China has been growing more aggressive in regional disputes with its surrounding countries. On Saturday it may have just stepped over the line.
China created a so-called air defense zone over international water and Japanese islands. It threatened military action against any who enter the zone and do not cooperate with Chinese authorities.
On Tuesday, the U.S. military put China’s threats to the test. It flew two B-52 bombers—some of the largest, loudest planes the United States has—across the international waters claimed by China.
By doing so, the United States did two things: it made clear to surrounding countries that China’s claims to the waters are unfounded, and it reaffirmed the U.S. commitment to its allies.
During Vice President Joe Biden’s visit to the Asia-Pacific next week, he plans to meet with Chinese leaders. On the agenda, the United States wants to know why China formed its “Air Defense Identification Zone,” and why now.
“We have real concerns with this move by the Chinese because it raises serious questions about their intentions,” said a senior administration official during a Wednesday White House press briefing.
“It causes friction and uncertainty,” the official said. “It constitutes a unilateral change to the status quo in the region, a region that’s already fraught.”
Biden will meet with Chinese leader Xi Jinping, Japanese Prime Minister Shinzo Abe, South Korean President Park Geun-hye, and South Korean Prime Minister Jung Hong-won.
The official said during Biden’s upcoming trip, the recent incident will allow him “to make the broader point that there is an emerging pattern of behavior by China that is unsettling to China’s own neighbors, and raising questions about how China operates in international space and how China deals with areas of disagreement with its neighbors.”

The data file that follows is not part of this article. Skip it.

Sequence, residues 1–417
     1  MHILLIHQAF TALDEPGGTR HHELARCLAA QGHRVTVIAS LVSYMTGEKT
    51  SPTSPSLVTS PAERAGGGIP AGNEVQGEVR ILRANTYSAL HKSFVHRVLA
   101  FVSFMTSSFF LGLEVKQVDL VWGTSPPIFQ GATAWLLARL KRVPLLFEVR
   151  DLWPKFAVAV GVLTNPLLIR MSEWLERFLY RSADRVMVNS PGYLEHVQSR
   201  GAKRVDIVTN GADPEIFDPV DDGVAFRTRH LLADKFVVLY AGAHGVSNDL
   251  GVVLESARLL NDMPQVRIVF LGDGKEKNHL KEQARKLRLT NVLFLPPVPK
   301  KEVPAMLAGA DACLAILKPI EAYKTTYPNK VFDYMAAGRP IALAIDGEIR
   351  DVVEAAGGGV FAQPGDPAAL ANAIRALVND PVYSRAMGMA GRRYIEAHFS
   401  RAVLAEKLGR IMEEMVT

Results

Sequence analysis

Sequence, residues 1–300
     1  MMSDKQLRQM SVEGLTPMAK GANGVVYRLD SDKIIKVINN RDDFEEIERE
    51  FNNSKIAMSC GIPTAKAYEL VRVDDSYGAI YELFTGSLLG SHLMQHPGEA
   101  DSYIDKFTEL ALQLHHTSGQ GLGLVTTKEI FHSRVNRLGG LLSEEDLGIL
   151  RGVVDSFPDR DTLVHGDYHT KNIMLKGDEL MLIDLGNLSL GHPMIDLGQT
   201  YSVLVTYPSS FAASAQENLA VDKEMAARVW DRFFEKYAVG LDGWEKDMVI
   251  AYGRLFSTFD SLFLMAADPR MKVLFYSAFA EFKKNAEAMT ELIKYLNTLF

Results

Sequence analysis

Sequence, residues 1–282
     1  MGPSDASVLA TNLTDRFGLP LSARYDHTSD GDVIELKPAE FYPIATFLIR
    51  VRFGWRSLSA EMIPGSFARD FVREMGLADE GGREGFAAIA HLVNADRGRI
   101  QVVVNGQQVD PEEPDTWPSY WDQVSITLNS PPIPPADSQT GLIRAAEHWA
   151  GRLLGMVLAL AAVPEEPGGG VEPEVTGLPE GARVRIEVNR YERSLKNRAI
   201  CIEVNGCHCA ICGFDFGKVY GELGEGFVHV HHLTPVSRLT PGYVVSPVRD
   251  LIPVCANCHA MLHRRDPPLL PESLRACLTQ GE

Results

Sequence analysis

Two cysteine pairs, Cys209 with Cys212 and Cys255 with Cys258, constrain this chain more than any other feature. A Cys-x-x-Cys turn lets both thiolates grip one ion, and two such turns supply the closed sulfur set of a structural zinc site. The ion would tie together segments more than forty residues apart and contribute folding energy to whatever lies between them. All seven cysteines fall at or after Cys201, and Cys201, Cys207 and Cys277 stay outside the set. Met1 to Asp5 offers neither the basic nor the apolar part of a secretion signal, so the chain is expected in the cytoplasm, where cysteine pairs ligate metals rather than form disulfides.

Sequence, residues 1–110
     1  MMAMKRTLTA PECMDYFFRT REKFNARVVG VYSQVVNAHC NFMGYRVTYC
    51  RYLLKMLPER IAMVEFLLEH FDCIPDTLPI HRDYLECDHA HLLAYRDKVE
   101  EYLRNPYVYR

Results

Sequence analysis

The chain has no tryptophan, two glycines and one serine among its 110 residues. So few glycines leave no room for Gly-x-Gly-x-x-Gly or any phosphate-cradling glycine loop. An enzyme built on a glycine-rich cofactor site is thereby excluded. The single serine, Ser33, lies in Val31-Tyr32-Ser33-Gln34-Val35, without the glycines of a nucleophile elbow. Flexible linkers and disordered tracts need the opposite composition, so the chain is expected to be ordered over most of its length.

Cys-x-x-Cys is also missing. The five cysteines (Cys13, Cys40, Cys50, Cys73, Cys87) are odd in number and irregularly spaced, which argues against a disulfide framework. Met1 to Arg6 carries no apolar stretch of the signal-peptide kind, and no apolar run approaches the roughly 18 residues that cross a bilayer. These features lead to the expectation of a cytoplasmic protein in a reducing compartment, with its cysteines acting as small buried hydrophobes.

Until recently, there was uncertainty as to whether the United States would stand with Japan to defend the Senkaku Islands, which are owned by Japan but claimed by China and Taiwan.
Just following China’s announcement of the zone, however, U.S. Defense Secretary Chuck Hagel released a statement, reaffirming America’s defense treaty with Japan, noting it “applies to the Senkaku Islands.”
The Senkaku Islands, called the Diaoyu Islands by China, have been owned by Japan since 1895. They came under U.S. control after World War II, but were returned to Japan in 1972 with the Ryukyu Island chain, which includes Okinawa. The disputed islands later came under private ownership, and Japan purchased them in April 2012.
China’s formation of the ADIZ comes amid growing tensions with Japan over China’s territorial claim to the Senkaku Islands.
Chinese fishing boats and unmanned aerial vehicles (UAV) have repeatedly entered Japanese territory. Last month, Japanese Prime Minister Shinzo Abe gave orders to shoot down UAVs that refuse to leave Japanese airspace.
Following Abe’s orders, Chinese Defense Ministry spokesman Geng Yansheng said if Japan shot down one of its UAVs, it would be an act of war.
The U.S. official said, “I would just underscore that the Vice President will make clear that the United States has a rock-solid commitment to our allies,” the official said.